What are the Chances a Doctor Can Lose His/Her License Due to DUI?
While the chances of losing your medical license after being charged with a DUI can be quite high, that doesn’t necessarily mean that all hope is lost. In fact, The Telegraph released a report in 2013 claiming that hundreds of doctors convicted of driving-related crimes are still practicing law today.
Hundreds of Doctors Kept Their Licenses after a DUI Charge
The article released by The Telegraph had a strong negative connotation against the fact that convicted felons were still practicing in the medical field. But if you’re a doctor or other medical professional who simply made a mistake, this can be good news for your career.
The General Medical Council released criminal records of 761 doctors who were still in practice. Between them, they had 856 criminal convictions. They included:
- 1 doctor who took indecent photographs of a child
- 2 doctors with convictions for possessing child pornography
- 2 charges of drug trafficking
- 3 charges of grievous bodily harm
- 3 charges of possessing dangerous weapons
- 4 doctors who drove under the influence of drugs
- 7 cases of soliciting prostitution
- 12 doctors charged with domestic violence
- 31 doctors charged with assault
- 184 charges of dangerous driving
- 330 charges of drunk driving
Most doctors with criminal convictions are suspended for a certain amount of time. They are typically allowed to return to work, but it is under extremely strict conditions.
Your State Laws Can Play a Huge Role
WalletHub analyzed all U.S. states to determine which ones are historically more strict about DUIs and which ones are more lenient. For medical professionals living in the Kansas City area, this can be a huge factor in whether or not they can keep their license.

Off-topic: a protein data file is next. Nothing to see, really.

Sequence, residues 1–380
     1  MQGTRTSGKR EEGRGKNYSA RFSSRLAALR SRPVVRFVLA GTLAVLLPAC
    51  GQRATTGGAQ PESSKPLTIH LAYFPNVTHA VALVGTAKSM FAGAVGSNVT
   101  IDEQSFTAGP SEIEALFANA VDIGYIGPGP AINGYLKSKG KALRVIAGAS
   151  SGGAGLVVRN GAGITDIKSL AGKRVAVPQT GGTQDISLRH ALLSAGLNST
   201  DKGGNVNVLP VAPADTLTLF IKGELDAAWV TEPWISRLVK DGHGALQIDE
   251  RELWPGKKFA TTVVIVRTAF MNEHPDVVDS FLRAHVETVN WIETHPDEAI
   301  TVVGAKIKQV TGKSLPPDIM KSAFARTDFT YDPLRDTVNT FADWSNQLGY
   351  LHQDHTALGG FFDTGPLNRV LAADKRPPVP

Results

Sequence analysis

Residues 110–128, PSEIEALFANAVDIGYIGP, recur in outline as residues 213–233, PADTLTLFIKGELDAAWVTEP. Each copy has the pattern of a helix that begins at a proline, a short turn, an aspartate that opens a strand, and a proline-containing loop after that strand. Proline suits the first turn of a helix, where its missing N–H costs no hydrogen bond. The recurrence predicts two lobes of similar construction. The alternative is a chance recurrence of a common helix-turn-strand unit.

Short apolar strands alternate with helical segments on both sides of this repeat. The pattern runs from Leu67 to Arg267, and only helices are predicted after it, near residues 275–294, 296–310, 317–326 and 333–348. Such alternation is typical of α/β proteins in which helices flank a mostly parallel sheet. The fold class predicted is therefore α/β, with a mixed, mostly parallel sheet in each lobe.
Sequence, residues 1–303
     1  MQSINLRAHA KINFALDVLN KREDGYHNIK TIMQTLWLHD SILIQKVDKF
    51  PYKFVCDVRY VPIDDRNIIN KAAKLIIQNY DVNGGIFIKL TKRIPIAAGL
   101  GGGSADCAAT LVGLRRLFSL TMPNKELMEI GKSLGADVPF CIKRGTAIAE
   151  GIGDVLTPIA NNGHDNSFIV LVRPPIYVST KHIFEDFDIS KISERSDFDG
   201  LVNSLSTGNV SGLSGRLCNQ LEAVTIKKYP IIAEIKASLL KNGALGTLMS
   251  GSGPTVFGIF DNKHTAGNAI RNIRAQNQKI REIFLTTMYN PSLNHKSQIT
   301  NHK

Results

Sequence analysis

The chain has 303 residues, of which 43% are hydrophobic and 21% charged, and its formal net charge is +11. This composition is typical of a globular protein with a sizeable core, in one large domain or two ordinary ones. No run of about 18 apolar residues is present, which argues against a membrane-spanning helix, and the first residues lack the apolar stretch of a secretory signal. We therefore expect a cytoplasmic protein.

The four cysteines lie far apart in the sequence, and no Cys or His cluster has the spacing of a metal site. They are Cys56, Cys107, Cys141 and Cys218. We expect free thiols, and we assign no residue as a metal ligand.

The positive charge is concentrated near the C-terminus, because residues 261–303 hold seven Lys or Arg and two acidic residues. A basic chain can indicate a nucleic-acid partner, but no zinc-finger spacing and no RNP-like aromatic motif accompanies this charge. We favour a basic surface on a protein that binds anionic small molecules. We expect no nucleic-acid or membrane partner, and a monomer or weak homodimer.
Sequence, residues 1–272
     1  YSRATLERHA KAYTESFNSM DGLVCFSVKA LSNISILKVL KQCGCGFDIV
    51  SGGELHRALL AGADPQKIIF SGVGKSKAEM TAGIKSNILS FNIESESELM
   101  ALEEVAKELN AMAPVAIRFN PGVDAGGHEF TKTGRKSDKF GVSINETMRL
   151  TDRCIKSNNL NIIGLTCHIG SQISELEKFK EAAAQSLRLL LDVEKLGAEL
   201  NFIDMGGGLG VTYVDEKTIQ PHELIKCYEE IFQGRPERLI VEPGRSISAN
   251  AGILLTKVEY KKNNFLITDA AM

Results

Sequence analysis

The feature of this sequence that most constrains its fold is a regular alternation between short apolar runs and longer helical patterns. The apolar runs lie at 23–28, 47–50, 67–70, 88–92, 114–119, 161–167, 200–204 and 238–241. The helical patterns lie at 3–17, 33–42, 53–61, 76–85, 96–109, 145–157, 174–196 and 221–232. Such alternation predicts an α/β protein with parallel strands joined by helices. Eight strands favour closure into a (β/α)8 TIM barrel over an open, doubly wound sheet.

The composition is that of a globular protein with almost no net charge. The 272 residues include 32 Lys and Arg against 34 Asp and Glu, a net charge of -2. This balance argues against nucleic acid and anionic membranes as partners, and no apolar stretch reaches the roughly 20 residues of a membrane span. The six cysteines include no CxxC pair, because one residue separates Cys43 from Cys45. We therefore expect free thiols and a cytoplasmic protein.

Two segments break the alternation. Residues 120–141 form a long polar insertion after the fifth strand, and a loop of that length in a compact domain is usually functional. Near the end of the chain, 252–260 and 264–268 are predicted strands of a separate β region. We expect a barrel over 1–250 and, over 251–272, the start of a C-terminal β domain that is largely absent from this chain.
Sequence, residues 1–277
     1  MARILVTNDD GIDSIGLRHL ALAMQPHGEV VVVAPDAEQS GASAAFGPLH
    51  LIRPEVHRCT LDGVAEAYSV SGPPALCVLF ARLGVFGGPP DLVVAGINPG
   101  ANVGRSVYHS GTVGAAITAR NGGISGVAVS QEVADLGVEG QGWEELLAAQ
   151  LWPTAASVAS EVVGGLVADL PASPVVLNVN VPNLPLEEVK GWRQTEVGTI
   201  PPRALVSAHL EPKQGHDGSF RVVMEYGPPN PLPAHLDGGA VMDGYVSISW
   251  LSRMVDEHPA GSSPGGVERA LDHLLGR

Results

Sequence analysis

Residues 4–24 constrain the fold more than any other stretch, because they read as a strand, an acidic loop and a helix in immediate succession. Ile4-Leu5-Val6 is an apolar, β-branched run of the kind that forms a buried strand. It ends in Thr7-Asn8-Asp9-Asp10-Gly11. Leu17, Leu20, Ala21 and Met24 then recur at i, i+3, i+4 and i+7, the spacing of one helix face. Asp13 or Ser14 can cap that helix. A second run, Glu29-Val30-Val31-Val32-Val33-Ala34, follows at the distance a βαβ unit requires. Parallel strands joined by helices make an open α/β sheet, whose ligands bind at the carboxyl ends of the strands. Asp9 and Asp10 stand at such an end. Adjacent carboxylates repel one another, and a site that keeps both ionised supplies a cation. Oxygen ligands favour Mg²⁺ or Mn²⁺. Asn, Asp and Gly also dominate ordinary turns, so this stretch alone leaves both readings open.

For example, the state of Kansas was ranked as the #6 strictest state, with the #6 most intense penalties against the crime. Meanwhile, Missouri was ranked as the #25 strictest state, with only the #39 most intense penalties:
- In Kansas, the minimum jail time for the first conviction is 2 days, the DUI is an automatic felony on the third offense, the minimum fine for the first conviction is $500, and the average insurance rate increase after the DUI is 46%.
- In Missouri, there is no minimum sentence for the first conviction, the DUI is an automatic felony on the third offense, there is no minimum fine for the first conviction, and the average insurance rate increase after the DUI is 39%.
They article also found some key statistics about DUIs in America and across states. Among those were:
- The average fine for a first DUI is $347. The average fine for a second DUI is $757.
- In 14% of states, your driver’s license will not be automatically suspended upon being arrested for a DUI. In 58% of states, it will be suspended for 90 days.
- In 37 states, alcohol abuse assessment and/or treatment is mandatory after being convicted of a DUI
- DUI offenses stay on your criminal record for at least six years in 80% of states, but they remain for life in five states
In the Kansas City area, the state that administers your conviction will greatly impact the severity of your punishment and even the likelihood of retaining your license after being convicted.
Work with Attorneys Experienced on Both Sides of State Line
The experienced legal team at Sandage Law has assisted medical professionals both in Kansas and Missouri. They closely understand the legal nuances of each state and can tailor your case strategy accordingly. Schedule a free consultation today to learn how they can help you.